Workplace death statistics must be more detailed, says PASMA

Published:  06 July, 2012

Workplace fatality figures from the Health & Safety Executive (HSE) need to be "more detailed" as the reduction in the number of deaths stalls, according to PASMA and the British Safety Council.

The HSE's provisional fatal injury statistics for 2011/12 show a modest reduction in the number of workplace deaths – 173 compared with 175 the previous year.

PASMA says the figures, although clearly important, do "little or nothing" to help identify the cause of these fatalities. The Association says this data is essential to help target information and initiatives at those areas needing it most.

Working at height is a major cause of workplace injuries and deaths, and PASMA says it is committed to advancing safety and best practice in that sector, but that the need for in-depth information is "paramount in order to help influence future outcomes" and enable all organisations who champion safety to focus their attention where it matters most.

Neil Tomlinson, PASMA’s head of marketing and communications, said: “Only in this way will we be able to prioritise, direct and take the action necessary to influence the figures and be able to demonstrably show progress on significantly reducing accident statistics.”

Meanwhile, the British Safety Council has expressed "serious concern" that the reduction in the number of deaths at work has stalled over the last two years.

The number of deaths caused by fatal injury in the last two statistical years – 175 in 2010/11 and 173 in 2011/12 – has increased from the historically low figure of 147 deaths in 2009/10.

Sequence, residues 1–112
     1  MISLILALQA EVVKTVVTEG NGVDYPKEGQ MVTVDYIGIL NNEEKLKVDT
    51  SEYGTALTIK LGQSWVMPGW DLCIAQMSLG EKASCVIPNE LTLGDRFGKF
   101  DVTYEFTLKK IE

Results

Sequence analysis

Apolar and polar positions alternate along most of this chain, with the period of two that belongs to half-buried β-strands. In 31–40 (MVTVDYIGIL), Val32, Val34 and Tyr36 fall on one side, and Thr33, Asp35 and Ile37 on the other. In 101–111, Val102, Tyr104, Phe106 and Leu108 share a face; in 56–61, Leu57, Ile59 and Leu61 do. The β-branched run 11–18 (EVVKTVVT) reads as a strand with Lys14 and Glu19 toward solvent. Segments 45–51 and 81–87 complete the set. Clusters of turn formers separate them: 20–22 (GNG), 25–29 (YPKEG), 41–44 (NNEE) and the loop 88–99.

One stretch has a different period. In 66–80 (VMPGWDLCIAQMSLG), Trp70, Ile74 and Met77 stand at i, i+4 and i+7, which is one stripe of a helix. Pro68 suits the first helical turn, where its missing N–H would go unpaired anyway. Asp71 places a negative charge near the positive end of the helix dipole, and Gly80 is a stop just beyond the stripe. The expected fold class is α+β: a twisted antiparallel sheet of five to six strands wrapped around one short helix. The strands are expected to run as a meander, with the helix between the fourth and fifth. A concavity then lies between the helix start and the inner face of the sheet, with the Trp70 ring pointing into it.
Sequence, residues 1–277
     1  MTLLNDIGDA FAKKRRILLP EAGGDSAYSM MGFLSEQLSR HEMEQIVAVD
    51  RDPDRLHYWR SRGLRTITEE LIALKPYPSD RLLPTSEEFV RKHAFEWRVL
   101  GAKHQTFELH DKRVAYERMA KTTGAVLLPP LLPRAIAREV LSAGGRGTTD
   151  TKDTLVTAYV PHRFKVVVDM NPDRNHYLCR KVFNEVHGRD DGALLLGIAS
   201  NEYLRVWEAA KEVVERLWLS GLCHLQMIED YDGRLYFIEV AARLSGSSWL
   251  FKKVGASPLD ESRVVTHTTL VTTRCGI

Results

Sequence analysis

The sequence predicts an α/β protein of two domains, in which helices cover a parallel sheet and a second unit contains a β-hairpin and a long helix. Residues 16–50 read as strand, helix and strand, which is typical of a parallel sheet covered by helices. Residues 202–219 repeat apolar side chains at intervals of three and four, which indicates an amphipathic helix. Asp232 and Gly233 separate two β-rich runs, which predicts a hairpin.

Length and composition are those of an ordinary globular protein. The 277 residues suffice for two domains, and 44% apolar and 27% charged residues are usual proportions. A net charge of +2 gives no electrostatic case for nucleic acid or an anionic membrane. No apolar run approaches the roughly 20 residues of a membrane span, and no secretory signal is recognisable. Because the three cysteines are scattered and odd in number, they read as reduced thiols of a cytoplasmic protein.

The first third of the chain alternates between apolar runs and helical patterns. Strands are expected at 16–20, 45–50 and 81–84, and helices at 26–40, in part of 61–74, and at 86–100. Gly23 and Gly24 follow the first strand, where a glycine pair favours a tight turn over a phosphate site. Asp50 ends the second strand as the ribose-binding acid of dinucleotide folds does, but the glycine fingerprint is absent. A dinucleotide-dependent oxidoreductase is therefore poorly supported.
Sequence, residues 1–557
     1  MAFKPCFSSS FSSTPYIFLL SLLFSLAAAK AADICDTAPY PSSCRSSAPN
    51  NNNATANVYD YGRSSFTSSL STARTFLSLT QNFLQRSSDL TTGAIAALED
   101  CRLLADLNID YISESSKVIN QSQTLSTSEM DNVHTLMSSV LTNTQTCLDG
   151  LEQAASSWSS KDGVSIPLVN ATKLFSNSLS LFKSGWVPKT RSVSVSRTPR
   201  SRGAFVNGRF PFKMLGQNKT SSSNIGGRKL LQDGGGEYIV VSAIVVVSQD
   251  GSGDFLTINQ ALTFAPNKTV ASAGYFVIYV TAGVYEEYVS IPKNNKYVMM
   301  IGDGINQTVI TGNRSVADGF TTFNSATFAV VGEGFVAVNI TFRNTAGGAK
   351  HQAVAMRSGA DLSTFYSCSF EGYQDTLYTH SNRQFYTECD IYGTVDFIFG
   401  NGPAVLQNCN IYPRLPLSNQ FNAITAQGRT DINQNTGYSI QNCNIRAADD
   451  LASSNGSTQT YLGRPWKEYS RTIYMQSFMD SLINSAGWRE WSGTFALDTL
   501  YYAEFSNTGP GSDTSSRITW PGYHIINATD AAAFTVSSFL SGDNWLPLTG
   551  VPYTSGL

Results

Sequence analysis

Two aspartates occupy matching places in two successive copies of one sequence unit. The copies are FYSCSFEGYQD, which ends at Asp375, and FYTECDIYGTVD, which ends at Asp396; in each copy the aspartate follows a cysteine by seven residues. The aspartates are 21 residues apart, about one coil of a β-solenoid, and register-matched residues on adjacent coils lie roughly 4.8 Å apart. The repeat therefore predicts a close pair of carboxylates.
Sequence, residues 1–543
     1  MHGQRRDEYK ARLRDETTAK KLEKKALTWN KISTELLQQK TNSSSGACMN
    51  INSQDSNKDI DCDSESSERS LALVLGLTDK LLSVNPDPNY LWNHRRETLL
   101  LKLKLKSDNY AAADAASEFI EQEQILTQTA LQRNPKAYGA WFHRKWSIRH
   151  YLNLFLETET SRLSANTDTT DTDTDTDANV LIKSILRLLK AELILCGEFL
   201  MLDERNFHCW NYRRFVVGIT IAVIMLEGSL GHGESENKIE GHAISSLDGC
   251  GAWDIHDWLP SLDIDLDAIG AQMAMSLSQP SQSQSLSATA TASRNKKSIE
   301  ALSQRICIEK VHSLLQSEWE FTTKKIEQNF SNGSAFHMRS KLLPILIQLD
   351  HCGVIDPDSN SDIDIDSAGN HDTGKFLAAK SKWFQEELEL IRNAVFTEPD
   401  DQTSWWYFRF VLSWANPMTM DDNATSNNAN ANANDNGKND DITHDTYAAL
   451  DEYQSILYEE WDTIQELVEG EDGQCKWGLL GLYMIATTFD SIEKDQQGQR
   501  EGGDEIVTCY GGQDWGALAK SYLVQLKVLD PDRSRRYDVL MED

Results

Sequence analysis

Neal Stone, director of policy and communications at the British Safety Council, said: “While the number of deaths in Britain resulting from workplace injury has halved over the last twenty years, it is a serious concern that the reduction in both the number and incidence of deaths has stalled over the last two years.

”The fatal injuries that occurred in 2011/12 are a tragedy and a stark reminder that the health and safety regulatory framework is a fundamental protection to help keep workers healthy and safe. We must remember those 173 workers and the families and friends they left behind.

“Nor should we forget the thousands of other people who died in 2011/12 as a result of work-related diseases and work-related road traffic accidents. We must better understand the causes of these deaths and why they were not prevented. We owe that to future generations of workers.”

The statistics record that 49 workers died as a result of fatal accidents in the construction sector, 33 in the agricultural sector, and 31 people died who worked in manufacturing.

Falls from heights and falls continue to be the two most significant causes of fatal injury in the workplace, accounting for over half of the 173 deaths recorded in 2011/12.

Scotland and Wales recorded the highest incidence rate by country and region. The fatal injury incidence rate for Wales is almost five times the rate for London and the South East, and over twice the national average. The incidence rate for Scotland, too, is significantly higher than the national average.